Grape crusaders

Hard work by those in the industry is bringing unprecedented acclaim to Nova Scotia wine

When Jean-Benoit Deslauriers speaks of the terroir that makes this part of Nova Scotia special, he sounds like an alchemist discussing a particularly magical transformation. And why not? The Gaspereau Valley soil and climate have produced sparkling wines recently compared to the very best Champagne has to offer. Rare earth to liquid gold.

“The idea is for the wines to speak for themselves,” says Deslauriers, the winemaker for Benjamin Bridge, the boutique winery that is generating buzz and setting palates a-tingle far beyond the province’s borders. “It won’t be about us, per se. It will be about Nova Scotia, and about the terroir that we were able to transparently convey.”

Benjamin Bridge has been at the vanguard of a growth and renaissance period for the Nova Scotia wine industry. Its flagship white, Nova 7 — compared to “sex in a glass” by one particularly smitten Toronto critic — is the first wine from Nova Scotia ever sold in Ontario liquor stores (a limited run of 55 cases that were quickly snapped up last summer). But Benjamin Bridge’s true raison d’être is its Brut Reserve sparkling wines, which garnered rave reviews in no less an Upper Canadian bastion than the Globe and Mail. (See related sidebar at the end of this article)

Benjamin Bridge is a success story a decade in the making. “It was truly an experiment,” says Devon McConnell-Gordon, the winery’s general manager. Her parents — Nova Scotia mining executive Gerry McConnell and the late lawyer and businesswoman Dara Gordon — began working on the project around the turn of the millennium. They wanted to not just do it, she says, but do it right. That meant bringing in top level consultants, who determined that not all varietals were suitable for the climate, but pinpointed which ones could be done at a world-class level. At the top of that list
were sparkling wines.

Deslauriers came onboard in 2008. He is from Quebec, but was toiling in the vineyards of California before being lured back east. “I knew that the Canadian wine industry was definitely on the rise, so I had an interest in coming back,” he says. Deslauriers acknowledges he didn’t know much about the industry in Nova Scotia, but it didn’t take him long to realize it was “a really special project” underway in the Gaspereau Valley.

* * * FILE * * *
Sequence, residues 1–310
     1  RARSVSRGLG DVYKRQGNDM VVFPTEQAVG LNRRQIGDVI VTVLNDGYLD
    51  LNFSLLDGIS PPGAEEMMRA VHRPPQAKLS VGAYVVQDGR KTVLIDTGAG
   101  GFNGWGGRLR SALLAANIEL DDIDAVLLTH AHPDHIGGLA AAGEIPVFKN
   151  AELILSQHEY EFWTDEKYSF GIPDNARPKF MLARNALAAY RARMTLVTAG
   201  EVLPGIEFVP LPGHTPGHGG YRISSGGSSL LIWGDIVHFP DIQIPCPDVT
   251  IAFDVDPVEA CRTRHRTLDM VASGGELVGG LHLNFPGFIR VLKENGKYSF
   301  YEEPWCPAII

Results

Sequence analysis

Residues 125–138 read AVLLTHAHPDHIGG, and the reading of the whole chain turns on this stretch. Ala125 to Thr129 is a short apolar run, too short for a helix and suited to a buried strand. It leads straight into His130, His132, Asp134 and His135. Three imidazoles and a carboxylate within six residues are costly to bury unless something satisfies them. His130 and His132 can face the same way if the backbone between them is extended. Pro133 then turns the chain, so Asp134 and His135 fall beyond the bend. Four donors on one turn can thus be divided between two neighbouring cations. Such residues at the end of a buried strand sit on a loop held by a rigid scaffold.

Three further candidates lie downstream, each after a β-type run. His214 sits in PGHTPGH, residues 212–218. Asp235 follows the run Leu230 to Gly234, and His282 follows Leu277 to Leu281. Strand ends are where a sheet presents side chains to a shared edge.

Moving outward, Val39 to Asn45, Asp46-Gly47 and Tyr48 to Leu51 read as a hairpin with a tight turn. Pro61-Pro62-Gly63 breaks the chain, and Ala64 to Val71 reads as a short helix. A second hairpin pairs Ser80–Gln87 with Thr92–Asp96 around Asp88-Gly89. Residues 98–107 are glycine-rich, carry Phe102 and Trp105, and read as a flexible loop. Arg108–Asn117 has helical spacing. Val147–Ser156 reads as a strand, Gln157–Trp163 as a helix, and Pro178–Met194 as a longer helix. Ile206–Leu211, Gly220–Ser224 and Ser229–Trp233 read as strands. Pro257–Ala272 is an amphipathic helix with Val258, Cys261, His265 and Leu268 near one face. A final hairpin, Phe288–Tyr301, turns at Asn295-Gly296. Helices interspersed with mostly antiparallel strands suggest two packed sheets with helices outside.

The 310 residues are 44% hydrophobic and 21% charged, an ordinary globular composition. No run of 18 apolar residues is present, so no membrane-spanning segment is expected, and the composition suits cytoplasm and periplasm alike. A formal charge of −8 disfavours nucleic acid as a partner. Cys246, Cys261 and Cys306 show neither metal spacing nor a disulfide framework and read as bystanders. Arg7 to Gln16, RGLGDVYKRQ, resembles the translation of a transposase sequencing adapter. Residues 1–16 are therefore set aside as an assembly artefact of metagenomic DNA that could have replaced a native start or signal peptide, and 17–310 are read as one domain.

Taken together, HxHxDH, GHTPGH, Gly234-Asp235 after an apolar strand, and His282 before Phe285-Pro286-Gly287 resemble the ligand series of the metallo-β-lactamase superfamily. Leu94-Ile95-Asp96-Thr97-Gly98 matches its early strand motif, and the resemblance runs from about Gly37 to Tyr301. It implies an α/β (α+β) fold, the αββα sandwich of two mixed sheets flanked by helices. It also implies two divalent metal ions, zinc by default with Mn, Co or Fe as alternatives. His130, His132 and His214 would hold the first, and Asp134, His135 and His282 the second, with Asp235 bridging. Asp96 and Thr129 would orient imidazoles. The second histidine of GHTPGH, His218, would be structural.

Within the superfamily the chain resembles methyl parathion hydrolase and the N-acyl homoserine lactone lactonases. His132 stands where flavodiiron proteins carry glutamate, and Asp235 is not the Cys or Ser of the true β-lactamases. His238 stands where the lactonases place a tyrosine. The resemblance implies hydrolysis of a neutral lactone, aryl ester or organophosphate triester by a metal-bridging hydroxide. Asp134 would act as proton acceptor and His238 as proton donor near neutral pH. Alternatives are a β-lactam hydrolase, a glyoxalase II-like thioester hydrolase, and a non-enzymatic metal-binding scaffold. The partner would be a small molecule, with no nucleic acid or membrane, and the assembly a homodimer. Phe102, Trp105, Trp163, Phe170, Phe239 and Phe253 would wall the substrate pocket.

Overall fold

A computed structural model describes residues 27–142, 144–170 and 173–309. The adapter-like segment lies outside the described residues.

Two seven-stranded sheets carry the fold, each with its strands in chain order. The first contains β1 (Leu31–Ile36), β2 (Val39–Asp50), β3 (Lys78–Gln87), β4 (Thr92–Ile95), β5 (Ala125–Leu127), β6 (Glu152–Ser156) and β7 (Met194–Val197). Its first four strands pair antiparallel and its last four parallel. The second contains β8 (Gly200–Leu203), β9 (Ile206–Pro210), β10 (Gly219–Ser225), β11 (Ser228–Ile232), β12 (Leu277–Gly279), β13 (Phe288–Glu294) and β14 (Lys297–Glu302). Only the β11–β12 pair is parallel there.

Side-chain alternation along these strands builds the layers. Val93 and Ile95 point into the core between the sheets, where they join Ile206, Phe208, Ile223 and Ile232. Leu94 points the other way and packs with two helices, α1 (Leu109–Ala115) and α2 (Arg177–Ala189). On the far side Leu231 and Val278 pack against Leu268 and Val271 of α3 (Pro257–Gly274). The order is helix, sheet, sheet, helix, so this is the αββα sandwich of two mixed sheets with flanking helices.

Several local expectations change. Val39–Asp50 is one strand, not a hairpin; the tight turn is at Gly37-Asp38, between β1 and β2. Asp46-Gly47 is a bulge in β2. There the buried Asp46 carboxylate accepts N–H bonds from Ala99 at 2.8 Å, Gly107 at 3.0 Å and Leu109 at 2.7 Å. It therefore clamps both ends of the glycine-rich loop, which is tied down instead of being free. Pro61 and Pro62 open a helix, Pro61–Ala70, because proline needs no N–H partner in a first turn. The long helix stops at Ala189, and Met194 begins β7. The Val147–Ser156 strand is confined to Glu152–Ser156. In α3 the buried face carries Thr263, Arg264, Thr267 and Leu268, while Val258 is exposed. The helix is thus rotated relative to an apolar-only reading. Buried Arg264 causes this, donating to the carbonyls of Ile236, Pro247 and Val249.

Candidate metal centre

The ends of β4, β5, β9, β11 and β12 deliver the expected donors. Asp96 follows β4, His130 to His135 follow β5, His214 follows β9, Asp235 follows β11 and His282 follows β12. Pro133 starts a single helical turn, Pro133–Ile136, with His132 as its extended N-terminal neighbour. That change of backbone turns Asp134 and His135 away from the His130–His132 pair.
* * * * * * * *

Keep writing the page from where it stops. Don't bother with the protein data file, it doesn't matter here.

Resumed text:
“And it’s probably the best decision I’ve ever taken,” he says. “It’s very, very rare for a winemaker to have the opportunity to tap into a huge amount of resources, to encourage, stimulate and create quality products.”

To date, roughly $4.5 million has been poured into building Benjamin Bridge, including land preparation expenses and the cost of a new building on the site.

“If an owner is ready to wait for 10 years before marketing the product and putting it on the shelf … there’s probably an unconditional dedication to quality that is (there),” Deslauriers notes. “And that’s extremely rare. …It’s one of those once-in-a-lifetime opportunities to be part of a project where things are done from the inside out, and I kind of pinch myself every day.”

There are technical reasons why the Nova Scotia soil is perfect for sparkling wines. The growing seasons are short, Deslauriers notes, and the potential for ripeness is limited. The base wine for sparkling requires very little alcohol, because secondary fermentation adds a second dose. That means the grapes need to be very low in sugar. Deslauriers says that can be done anywhere in world, simply by picking very early. But Nova Scotia’s big advantage lies in being able to pick the grapes in mid-October, when their sugar content is as low as early August in California. “We have the ability to keep the grapes on the vines for an additional two months,” Deslauriers notes. That helps the maturity and complexity of the end product. Acidity, he adds, is another key to making more complex Champagne-style sparkling wine, as opposed to Italian-style Prosecco. Although Benjamin Bridge grapes are picked late, they maintain high acidity. “And that’s something that gives us a real competitive advantage.”

And just how rare is that combination? “As far as I know, it’s unique,” Deslauriers says.

But the timelines involved in sparkling wine production left the winery with a dilemma, according to McConnell-Gordon — how to get Benjamin Bridge’s name out there while the sparklings were waiting in the cellar for up to 10 years. The answer turned out to be another wine, Nova 7, the white that put them “on the map in terms of the Nova Scotia population,” she notes.

“Nova 7 allowed us to put something in the marketplace that we could start to build our brand — because no one knew of us prior to (that).”

It’s been a success — production ramped up from 225 cases in Nova 7’s first year to 2,966 cases this past year. But there has been no drop in standards, Deslauriers says, even with the increase in quantity. “We owe it to ourselves to hold ourselves to really high quality standards, because there’s a lot to lose for a brand like ours, to release anything that would be a lesser product or a lesser wine than the previous version.”